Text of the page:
Case Study



Delmos is a new brand in the confectionery category that is looking to create a distinct brand identity for itself. The brand wants all of its products to carry the name of the parent brand along with the sub-brand and wants to create a brand identity that reflects uniformly through all of its products.

Business Strategy

How we win in the market


To create a unified brand identity that stands apart from the competition


Expand their product portfolio by utilising a distribution network that has already been set in place.


• The brand aims to tap into a new category and expand their reach into a new category such as that of confectioneries.
• The brand observed that many confectionery products had been recording a tremendous growth in the past few years which gives new brands a potential to tap into the vast category
• The main strategical tactic for the brand is to tap into the Tier 2,3 cities’ market that is huge and has massive growth potential


• Penetrate further into the confectionery category
• Tap into other categories in the FMCG segment


The main source of business for the brand comes in two ways, attracting new customers to the category, attracting users of other brands. The key focus here is to attract the users of other brands and give them something new to try out. The growth potential of the category itself is very high since there are a lot of different groups of audiences that haven’t been reached out to yet.

Brand Strategy

What & how do we communicate


The market for the brand can be segmented based on the following parameters:
1. Geographic: Currently, there has been no geographic segmentation for the brand. The brand will be launched in various parts of the country
2. Demographic: Children who are young enough to love candy. Parents who occasionally buy candy for their children. Adults who love the distinct flavours of some candies and are habituated to consume candies.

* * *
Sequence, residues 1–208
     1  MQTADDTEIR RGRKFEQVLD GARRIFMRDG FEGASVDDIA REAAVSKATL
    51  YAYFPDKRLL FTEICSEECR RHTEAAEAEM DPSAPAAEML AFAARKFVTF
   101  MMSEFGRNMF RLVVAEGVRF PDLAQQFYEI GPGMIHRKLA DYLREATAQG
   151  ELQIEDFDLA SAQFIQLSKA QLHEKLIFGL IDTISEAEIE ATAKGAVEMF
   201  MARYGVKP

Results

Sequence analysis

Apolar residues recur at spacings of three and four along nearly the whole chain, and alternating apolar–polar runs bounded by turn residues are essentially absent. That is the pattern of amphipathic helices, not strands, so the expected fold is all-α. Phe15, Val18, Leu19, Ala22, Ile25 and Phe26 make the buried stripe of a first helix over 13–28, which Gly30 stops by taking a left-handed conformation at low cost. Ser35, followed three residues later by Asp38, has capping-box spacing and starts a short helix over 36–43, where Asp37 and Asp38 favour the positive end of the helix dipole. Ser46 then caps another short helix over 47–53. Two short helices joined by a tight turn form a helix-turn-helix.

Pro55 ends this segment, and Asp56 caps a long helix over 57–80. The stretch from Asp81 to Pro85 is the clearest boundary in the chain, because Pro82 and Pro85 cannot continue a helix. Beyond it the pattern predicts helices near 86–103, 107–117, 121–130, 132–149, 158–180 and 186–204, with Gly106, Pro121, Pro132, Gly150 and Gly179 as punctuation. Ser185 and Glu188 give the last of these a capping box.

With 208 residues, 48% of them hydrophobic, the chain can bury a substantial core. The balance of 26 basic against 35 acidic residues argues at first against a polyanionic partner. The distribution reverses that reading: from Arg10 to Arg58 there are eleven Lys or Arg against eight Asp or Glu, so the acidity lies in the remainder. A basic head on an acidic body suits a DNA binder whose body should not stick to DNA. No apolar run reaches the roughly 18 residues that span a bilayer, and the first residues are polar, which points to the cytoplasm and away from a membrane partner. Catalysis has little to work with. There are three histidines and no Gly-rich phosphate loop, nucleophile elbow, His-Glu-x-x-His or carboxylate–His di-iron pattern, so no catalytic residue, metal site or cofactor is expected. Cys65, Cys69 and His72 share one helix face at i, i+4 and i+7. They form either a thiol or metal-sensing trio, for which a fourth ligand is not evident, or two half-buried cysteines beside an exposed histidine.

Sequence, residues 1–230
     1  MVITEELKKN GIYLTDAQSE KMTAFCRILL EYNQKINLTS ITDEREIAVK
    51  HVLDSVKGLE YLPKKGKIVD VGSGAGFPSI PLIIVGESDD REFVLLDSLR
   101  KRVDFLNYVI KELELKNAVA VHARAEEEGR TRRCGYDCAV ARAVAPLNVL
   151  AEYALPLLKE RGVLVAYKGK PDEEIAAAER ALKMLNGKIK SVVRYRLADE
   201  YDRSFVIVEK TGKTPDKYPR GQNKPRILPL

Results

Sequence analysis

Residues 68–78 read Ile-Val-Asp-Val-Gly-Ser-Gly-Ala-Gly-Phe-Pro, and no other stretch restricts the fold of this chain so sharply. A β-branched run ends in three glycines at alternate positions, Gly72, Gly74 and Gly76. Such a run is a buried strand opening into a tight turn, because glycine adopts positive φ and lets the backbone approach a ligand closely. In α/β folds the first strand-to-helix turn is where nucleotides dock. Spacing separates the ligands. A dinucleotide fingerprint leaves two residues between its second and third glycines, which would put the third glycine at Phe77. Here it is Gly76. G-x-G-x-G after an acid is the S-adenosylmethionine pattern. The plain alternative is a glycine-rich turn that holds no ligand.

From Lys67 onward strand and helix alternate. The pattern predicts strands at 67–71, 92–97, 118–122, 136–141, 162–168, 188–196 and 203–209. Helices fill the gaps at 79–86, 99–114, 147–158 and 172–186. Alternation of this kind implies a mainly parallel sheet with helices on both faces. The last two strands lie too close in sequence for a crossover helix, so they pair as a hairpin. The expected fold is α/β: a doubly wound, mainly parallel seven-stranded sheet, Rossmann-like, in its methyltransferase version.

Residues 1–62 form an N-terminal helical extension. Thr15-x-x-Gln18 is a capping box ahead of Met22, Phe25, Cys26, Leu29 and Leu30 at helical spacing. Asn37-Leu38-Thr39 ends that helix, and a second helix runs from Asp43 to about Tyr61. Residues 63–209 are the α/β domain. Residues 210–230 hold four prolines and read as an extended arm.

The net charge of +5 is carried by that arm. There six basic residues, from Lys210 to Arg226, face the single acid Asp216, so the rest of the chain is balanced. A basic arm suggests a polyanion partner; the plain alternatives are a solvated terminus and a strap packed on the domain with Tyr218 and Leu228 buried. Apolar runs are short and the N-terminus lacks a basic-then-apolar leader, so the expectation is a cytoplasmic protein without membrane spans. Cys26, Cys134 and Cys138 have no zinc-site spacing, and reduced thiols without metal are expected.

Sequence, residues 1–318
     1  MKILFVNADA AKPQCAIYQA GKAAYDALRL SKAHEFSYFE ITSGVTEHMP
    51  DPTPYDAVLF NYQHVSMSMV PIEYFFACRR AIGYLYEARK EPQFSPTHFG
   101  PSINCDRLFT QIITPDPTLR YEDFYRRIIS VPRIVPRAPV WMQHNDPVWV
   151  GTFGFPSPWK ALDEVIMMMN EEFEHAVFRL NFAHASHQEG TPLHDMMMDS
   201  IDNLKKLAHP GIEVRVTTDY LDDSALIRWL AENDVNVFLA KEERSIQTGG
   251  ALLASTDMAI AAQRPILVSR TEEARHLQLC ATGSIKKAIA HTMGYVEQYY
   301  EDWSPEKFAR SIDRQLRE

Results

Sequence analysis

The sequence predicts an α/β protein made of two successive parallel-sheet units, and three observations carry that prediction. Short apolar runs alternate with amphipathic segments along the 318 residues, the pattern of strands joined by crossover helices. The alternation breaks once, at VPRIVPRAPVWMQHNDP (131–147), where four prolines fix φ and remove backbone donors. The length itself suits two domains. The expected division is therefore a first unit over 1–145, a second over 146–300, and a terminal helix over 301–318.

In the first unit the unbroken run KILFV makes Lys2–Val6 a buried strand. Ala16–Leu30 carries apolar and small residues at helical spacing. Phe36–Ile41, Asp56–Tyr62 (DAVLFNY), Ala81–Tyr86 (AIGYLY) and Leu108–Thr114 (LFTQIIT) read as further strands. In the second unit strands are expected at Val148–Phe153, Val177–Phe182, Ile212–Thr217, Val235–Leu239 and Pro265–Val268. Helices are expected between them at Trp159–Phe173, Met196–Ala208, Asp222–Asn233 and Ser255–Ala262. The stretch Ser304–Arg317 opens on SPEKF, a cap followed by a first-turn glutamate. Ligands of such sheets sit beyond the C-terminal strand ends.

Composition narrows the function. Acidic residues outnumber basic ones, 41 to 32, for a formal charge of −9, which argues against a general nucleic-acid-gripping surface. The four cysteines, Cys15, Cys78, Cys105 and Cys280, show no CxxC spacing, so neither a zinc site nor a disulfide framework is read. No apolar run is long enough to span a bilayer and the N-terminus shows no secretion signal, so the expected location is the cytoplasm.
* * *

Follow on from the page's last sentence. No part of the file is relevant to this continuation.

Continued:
3. Behavioral: Kids who love flavoured candy. Kids who love eating something sweet. Parents who buy candies for their kids occasionally.


• It has been studied that consumers who do not reside in the big cities of India are the ones who consume candies the most.
• It has been scientifically proven that sugar has the same effect on the brain as any addictive product would have.
• Many people also consume sugar to get the feeling of a ‘sugar rush’, which is a phenomenon where you feel energetic after consuming a significant amount of sugar.
• It has also been studied that the brain requires a high amount of energy to give you the right amount of motivation to work throughout the day. Consuming sugar has direct effects on the brain and hence it can be an activity that people really enjoy.
• Parents always buy candies for kids as an incentive for doing a good deed.
• Kids in small cities and towns are given little pocket money when they go to school. Kids use this money to buy exciting snacks like candies.
• In Tier-2 cities, lifestyles are much simpler. Consumers do not feel the need to live an extravagant lifestyle, taking your kids to the park and buying them candies is a regular activity.